Pullin' a Hank: Songs for your goodbye party
With the return of darkness and Northern lights, August also brings goodbye potlucks and dance parties. It's send-off season.
Good luck to students heading back to school. Bon voyage to adventurers setting sail. Best wishes to long-timers pulling up roots for a warmer climate. You'll be missed.
Buffalo Airways' Joe McBryan remembers the days before iPods and satellites, when Hank Snow sang from a gramophone in N.W.T. communities.
"If anyone was going to move, or quit doing something, or move further down, they were always gonna 'pull a hank.' The new generation had never heard that. So I always thought that was a neat Northern story, as people throughout the North would 'pull a hank.' Which meant they left."
A Northern song inspired by another Hank Snow tune, "I've Been Everywhere." Iqaluit's Jerry Cans take us on a lap of Nunavut, from community to community, and then Ottawa's Rideau Centre. "You always see Nunavummiut there," says lead singer and guitarist Andrew Morrison.
Former Yellowknifer Katherine Hudson is spending her first summer down south, after three years in the North. She misses out-of-the-blue adventures, like swimming at night or spontaneous campfires. "Even in the midst of the daily grind," Hudson says, "there's this secret good time that no one outside the North really knows about." This song has been her companion and comfort.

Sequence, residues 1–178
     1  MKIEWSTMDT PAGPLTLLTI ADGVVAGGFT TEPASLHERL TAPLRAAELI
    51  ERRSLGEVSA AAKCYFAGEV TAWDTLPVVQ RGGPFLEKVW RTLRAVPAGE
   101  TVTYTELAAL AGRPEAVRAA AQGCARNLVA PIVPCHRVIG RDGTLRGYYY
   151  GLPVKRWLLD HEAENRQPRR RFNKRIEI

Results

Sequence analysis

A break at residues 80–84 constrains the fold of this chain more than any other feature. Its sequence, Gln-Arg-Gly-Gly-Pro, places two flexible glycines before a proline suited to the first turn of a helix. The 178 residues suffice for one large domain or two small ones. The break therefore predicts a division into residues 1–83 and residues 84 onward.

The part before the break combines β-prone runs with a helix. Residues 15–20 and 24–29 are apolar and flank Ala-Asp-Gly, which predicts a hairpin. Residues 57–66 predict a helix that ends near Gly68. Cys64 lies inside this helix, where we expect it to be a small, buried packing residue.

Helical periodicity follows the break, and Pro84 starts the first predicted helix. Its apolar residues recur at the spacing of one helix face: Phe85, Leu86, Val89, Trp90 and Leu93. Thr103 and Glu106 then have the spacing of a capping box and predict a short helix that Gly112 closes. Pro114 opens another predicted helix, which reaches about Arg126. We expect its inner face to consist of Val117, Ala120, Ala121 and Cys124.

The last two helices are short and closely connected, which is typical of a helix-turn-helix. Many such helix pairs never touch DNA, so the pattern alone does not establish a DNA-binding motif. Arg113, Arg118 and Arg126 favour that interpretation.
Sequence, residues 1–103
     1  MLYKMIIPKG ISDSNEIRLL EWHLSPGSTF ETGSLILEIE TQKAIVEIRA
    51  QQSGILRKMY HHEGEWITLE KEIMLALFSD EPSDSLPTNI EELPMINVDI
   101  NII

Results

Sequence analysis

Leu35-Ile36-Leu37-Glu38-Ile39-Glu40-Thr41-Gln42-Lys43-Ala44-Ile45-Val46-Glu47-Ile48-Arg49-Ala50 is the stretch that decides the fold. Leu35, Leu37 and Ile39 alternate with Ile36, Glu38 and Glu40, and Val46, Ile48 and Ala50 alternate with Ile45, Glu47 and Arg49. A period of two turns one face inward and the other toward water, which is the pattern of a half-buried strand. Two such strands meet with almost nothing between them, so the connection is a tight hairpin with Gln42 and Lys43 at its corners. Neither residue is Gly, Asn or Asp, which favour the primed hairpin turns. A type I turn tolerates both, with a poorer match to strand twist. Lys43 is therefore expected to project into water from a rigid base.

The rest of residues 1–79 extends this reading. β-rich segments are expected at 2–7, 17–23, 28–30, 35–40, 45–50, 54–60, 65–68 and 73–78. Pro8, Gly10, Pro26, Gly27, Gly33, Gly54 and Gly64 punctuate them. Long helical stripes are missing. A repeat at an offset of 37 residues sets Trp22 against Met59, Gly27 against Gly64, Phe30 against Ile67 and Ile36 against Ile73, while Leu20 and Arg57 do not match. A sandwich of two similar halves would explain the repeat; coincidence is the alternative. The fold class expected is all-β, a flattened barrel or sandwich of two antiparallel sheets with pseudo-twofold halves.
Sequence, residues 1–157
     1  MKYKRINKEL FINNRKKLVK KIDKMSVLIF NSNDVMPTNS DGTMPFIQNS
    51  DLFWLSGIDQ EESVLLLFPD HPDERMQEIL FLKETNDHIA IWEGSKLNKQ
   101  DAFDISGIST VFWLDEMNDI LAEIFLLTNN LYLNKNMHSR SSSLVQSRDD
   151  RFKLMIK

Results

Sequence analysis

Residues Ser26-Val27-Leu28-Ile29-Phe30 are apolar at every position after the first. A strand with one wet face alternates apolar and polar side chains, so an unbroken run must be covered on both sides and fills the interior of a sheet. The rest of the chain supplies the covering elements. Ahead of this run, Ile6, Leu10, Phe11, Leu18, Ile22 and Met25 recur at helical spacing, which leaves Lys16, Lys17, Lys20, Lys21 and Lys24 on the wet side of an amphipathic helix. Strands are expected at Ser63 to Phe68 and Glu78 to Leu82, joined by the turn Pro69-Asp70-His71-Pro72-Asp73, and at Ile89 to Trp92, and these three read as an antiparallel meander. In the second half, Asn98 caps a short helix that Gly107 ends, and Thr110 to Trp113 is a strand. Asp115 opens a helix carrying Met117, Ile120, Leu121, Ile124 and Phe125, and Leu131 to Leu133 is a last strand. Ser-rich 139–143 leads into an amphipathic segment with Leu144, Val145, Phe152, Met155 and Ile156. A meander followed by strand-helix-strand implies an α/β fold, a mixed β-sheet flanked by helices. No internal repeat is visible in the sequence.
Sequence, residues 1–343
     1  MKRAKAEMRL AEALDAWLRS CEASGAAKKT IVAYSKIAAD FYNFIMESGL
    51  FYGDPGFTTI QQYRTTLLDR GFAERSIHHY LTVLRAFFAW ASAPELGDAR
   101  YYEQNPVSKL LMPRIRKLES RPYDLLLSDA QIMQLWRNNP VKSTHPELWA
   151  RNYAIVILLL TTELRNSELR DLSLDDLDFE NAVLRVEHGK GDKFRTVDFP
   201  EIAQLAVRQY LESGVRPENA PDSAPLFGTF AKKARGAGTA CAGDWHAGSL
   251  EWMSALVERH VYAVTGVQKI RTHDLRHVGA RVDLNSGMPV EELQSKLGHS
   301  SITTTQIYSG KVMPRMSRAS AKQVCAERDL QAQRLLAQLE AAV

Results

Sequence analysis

Yukon singer/songwriter Jona Barr sings, "I've been thinking a lot about moving on, I've been searching for the spot."
This legendary Canadian band has performed in the Northwest Territories five times in the last decade, in Yellowknife and Inuvik. You know the Delta was rocking when they closed with "Here for a Good Time."
If Trooper is the last dance at your goodbye party, this Besnard Lakes cover is for packing your bags and facing your feelings. It's the soundtrack to"Welcome to Pine Point" a web documentary about the former N.W.T. mining town that shut down in 1988.
Being away from a place you love can give some perspective. The host of CBC Igalaaq wasn't in the Nunavut when she wrote this song. She was flying in a plane above Ottawa. It captures the freedom of movement, from "39,000 feet up in the air" to driving around the ring road in Iqaluit, kids in the backseat.
A pick by Dene Dayalti'l host Tony Buggins. It's a song he loves for the melody, guitar picking and Emmylou's voice. "It will take you on a nice little trip."
Have a song you think we missed? Email email@example.com or tweet @allisondev.